Summer is over

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Though technically there’s a bit more than two weeks until Summer ends in the Northern Hemisphere, it’s over for all intents and purposes. In my family that means that school starts for someone. Up until this year it was both my daughter and son, but while my son started middle school today, my daughter has two more weeks until we bring her to start her first year of college.

I can also tell Summer is over because my travel schedule picks up significantly. I’ll be in Europe next week and this will cut into the time I can spend with my daughter before she goes off to school. That’s a shame, but I’ve not been away too much on business travel during the last few weeks. Also, I travel a lot through Chicago so I should be able to see her fairly frequently if I build a little extra time into my travel schedule.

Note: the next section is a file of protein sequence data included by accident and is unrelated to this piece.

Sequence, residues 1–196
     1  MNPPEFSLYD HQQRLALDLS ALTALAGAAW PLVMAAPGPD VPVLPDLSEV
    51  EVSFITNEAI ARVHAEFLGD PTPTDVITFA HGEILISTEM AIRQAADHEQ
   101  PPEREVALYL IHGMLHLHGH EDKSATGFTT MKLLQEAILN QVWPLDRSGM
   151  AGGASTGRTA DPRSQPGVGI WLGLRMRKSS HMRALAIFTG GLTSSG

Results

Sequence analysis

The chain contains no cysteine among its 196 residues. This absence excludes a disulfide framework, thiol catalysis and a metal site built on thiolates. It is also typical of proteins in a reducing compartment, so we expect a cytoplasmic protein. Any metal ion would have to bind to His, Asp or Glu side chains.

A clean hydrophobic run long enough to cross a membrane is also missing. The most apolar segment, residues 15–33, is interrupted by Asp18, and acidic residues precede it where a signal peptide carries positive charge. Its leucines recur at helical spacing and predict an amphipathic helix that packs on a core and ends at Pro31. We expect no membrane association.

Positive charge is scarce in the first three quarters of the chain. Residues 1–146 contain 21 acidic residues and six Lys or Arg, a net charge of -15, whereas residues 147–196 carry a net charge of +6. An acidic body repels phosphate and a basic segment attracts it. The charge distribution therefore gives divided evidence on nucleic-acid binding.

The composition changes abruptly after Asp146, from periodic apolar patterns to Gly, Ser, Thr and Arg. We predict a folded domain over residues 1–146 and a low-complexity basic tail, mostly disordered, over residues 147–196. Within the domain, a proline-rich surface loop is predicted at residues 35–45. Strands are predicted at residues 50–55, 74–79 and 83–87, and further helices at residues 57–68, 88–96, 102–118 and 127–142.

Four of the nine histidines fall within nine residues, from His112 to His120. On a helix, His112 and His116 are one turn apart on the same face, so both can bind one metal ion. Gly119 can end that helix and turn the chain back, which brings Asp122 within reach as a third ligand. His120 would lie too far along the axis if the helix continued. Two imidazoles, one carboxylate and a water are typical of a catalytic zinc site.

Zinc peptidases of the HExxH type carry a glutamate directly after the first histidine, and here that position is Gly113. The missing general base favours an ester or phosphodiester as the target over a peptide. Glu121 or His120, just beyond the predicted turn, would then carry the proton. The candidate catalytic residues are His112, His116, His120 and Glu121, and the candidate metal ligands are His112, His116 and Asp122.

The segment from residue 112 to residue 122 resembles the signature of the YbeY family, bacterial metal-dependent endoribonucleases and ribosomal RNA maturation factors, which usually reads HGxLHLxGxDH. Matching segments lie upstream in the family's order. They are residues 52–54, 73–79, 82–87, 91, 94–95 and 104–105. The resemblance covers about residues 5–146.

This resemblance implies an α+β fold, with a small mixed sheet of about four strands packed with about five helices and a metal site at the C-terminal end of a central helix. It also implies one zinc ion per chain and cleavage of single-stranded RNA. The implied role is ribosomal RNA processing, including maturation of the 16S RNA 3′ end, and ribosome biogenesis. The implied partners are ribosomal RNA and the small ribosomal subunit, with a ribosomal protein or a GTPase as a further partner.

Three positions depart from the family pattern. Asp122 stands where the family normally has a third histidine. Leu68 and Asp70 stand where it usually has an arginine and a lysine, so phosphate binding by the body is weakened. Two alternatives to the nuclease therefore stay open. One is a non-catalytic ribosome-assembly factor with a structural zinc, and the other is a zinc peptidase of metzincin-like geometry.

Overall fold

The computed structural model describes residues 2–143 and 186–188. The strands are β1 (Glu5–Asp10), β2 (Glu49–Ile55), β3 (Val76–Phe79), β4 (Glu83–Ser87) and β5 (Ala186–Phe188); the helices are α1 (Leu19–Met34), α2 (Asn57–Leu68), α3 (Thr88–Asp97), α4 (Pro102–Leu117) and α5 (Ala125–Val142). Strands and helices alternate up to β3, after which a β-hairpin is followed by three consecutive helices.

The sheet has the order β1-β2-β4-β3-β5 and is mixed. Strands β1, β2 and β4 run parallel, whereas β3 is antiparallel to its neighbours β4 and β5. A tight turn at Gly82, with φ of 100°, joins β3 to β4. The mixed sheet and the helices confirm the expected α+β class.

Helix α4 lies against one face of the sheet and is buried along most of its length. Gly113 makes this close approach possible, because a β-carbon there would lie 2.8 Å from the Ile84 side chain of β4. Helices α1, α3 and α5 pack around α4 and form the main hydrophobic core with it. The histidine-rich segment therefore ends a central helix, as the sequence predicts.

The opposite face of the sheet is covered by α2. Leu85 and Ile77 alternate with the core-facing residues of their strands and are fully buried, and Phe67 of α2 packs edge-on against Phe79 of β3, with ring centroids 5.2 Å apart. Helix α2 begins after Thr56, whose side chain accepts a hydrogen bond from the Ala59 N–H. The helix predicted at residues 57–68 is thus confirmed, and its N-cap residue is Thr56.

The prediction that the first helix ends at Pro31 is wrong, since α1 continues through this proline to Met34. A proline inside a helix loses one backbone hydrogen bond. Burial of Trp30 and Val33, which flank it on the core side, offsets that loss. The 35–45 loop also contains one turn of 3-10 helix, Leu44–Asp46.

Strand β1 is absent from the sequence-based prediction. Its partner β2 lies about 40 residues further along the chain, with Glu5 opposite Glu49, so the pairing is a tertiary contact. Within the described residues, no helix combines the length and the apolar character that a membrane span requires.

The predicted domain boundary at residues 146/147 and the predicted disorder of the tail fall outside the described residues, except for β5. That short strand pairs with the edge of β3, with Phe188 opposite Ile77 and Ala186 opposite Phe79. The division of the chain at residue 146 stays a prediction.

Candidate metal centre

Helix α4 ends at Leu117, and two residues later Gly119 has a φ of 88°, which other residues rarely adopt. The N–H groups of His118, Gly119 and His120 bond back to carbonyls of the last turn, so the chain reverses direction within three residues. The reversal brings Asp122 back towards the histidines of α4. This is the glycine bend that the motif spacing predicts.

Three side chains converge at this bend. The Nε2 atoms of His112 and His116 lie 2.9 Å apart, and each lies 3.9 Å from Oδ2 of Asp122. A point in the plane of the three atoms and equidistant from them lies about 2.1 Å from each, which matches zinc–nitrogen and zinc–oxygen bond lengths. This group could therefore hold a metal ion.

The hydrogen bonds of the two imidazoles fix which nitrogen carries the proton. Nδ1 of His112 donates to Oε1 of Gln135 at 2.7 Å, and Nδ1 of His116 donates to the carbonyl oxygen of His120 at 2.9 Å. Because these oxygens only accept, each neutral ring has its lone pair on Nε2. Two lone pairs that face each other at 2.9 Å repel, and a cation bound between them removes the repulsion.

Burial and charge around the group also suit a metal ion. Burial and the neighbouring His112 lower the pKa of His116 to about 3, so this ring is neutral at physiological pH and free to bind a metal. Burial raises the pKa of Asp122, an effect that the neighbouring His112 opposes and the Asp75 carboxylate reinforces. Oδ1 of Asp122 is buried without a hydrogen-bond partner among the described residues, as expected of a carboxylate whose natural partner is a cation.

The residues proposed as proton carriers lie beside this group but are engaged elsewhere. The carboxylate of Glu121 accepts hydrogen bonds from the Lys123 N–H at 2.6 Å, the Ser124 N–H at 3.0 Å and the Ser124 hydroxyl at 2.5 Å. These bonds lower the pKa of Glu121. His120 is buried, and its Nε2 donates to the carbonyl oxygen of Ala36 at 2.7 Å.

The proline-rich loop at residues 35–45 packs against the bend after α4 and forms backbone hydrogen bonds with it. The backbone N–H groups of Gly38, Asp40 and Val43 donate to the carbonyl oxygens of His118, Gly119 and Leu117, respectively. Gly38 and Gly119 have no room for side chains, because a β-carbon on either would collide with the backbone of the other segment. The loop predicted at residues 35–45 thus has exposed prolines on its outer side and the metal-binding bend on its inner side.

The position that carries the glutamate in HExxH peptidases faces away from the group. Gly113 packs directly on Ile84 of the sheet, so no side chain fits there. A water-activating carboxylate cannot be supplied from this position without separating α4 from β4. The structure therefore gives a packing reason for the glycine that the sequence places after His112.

She also feels that we can escape up to Hibbing once or two twice to reprise our trip in 2006 where we saw where Bob Dylan grew up. Unfortunately, Dylan Days in 2009 may conflict with her studying for finals. I need to work on that girl’s priorities.


2 Comments

  1. Speaking of Bob, I just finished reading Levon Helm’s book, This Wheel’s On Fire — http://www.amazon.com/This-Wheels-Fire-Levon-Story/dp/1556524056. You’ll learn a lot about Levon, Bob, The Band (Robbie Roberton, Rick Danko, Garth Hudson, Richard Manuel) and a wide assortment of interesting people, mostly musicians people involved in that business. It’s a very enjoyable story.

  2. If you go hang out on Jon Taplin’s blog, you can chat with people who were part of that. Jon was the executive producer of The Last Waltz.

    With the spirits of that period regurgitating through this one, you have an opportunity to find out which side you are on if any at all.

    Why is music such a weak force into day’s events when it was once a strong one? That question is being asked in a comment string become listserve (an evolution interesting in its own right) that Bob referenced, “cranky with the culture”.

    Us Vs Them: it’s not just a corporate strategy; it’s a symptom of a diseased culture, and of the faux enlightened. Just my opinion.

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